Treating Posttraumatic Stress Disorder With Metacognitive Therapy: A Preliminary Controlled Trial
Please address correspondence to: Adrian Wells, University of Manchester and NTNU, Trondheim, Norway. Division of Clinical Psychology, Rawnsley Building, MRI, Manchester, M13 9WL UK.
Exposure, trauma-focused cognitive therapy and eye-movement desensitisation and re-processing (EMDR) are effective treatments for posttraumatic stress disorder (PTSD) producing equivalent outcomes. How might the field advance? One way is to base new treatments on PTSD maintenance mechanisms. A treatment that does this, metacognitive therapy (MCT), underwent preliminary controlled evaluation in this study.
Twenty participants aged 18 to 65 years with chronic PTSD were randomly allocated to either a total of 8 sessions of MCT or a delayed treatment control. Measures of PTSD, emotional symptoms, and underlying metacognitive variables were obtained at pretreatment and posttreatment. Patients were followed-up at 3 and 6 months postintervention.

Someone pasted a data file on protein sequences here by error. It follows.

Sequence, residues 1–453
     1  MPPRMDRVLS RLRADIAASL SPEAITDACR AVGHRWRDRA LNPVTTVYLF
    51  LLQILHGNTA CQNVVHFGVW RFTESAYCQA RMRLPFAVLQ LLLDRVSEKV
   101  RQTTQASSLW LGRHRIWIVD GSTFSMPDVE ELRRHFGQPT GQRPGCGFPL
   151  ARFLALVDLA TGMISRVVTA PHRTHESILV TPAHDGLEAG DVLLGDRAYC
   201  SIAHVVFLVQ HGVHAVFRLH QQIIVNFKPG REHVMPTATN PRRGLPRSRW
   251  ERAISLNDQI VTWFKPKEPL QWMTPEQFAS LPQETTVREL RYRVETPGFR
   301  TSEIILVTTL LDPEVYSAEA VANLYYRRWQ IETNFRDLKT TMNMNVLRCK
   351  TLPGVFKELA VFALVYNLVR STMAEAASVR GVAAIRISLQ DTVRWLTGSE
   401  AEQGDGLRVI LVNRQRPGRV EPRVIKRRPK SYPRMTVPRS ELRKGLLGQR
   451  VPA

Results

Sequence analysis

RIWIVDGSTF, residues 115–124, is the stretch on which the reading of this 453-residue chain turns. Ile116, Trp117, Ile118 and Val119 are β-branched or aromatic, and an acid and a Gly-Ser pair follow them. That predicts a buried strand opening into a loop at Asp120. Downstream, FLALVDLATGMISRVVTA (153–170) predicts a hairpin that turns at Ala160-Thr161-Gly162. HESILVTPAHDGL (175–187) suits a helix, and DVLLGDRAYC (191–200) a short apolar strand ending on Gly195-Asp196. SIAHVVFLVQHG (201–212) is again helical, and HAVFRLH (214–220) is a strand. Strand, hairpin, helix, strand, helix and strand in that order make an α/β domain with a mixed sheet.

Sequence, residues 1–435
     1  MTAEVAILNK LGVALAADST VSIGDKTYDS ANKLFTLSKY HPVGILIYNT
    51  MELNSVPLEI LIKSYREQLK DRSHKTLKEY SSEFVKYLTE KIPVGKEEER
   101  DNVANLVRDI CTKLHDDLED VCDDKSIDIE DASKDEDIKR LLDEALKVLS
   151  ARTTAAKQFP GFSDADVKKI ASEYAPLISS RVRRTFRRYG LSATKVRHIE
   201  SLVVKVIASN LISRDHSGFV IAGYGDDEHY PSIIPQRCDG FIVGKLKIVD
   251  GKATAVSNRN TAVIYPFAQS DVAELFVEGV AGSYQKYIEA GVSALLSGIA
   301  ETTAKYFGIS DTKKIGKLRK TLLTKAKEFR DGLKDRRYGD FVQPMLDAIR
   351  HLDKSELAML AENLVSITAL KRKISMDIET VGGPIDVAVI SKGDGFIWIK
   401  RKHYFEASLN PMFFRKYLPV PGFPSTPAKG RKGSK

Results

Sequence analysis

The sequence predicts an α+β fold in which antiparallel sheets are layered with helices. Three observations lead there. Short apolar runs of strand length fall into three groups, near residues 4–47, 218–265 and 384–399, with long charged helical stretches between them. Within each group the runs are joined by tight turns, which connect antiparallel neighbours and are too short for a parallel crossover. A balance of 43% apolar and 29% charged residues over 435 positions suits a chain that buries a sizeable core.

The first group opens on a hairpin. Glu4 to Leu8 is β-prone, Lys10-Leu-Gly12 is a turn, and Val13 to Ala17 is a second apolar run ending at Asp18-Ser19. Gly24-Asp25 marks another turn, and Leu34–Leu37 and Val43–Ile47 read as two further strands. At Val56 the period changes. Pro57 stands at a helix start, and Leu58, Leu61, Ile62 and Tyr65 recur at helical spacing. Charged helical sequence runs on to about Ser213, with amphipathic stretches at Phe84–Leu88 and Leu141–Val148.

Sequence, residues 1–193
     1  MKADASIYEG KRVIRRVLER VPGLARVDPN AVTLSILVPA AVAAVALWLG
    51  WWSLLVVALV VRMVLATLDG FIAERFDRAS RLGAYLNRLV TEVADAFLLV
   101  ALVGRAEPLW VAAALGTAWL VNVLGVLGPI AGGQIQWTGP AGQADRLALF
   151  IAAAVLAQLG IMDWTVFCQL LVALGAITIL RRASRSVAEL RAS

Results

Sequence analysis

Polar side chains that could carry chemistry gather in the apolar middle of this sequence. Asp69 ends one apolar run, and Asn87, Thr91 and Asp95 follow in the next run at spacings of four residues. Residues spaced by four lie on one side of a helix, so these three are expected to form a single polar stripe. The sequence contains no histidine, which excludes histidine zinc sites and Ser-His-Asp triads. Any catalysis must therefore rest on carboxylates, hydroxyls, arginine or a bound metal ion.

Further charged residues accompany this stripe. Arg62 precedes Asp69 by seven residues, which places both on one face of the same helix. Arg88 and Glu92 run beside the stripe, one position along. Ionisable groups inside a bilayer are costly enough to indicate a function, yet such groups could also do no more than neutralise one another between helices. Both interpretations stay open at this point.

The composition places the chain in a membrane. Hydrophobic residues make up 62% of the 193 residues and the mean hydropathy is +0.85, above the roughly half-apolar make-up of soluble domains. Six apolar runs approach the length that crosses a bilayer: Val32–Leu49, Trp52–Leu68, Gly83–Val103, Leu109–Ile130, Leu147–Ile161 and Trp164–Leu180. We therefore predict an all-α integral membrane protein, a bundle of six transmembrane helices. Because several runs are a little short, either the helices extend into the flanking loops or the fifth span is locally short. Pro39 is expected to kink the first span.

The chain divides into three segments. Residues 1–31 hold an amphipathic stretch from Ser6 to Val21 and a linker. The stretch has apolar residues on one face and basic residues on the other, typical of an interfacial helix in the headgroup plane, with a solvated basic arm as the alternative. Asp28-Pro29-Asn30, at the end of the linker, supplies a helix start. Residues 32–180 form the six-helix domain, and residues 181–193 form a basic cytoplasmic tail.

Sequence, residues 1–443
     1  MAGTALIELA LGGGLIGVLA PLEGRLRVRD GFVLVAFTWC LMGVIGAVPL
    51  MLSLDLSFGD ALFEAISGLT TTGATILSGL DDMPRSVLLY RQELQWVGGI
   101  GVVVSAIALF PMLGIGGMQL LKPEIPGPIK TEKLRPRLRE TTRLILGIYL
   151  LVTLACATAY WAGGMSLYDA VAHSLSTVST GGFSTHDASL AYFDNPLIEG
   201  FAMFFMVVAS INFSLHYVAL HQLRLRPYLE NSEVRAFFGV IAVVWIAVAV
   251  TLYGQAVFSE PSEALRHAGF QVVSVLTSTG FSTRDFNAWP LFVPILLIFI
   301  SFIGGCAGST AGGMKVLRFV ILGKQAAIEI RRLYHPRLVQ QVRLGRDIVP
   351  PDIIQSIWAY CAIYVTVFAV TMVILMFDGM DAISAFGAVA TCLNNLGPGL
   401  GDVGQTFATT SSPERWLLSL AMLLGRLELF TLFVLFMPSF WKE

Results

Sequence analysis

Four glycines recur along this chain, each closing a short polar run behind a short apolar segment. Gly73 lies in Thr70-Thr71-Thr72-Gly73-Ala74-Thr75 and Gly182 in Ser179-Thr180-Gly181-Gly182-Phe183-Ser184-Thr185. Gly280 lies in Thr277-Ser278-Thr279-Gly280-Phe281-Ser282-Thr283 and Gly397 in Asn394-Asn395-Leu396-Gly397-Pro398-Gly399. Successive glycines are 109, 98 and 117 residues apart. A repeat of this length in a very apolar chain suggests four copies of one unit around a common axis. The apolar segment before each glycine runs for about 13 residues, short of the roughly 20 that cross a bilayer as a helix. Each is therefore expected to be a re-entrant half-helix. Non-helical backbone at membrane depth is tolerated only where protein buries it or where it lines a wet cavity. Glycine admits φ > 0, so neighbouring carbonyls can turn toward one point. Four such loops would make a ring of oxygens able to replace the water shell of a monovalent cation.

Statistically significant reductions in PTSD symptoms, depression, and anxiety at posttreatment were observed in the MCT group but not in the control group. Changes were maintained over follow-up. The average number of sessions delivered was 6.4. Eighty percent of patients (intention to treat) met clinical significance criteria for recovery based on the IES. Treatment was well tolerated with only one (10%) dropout. Changes in thought control strategy hypothesized to be involved in the maintenance of PTSD were found.
MCT appeared to be a brief treatment producing high recovery rates. The data add to existing uncontrolled evaluations and provide strong justification for future evaluation of this treatment against existing evidence-based interventions.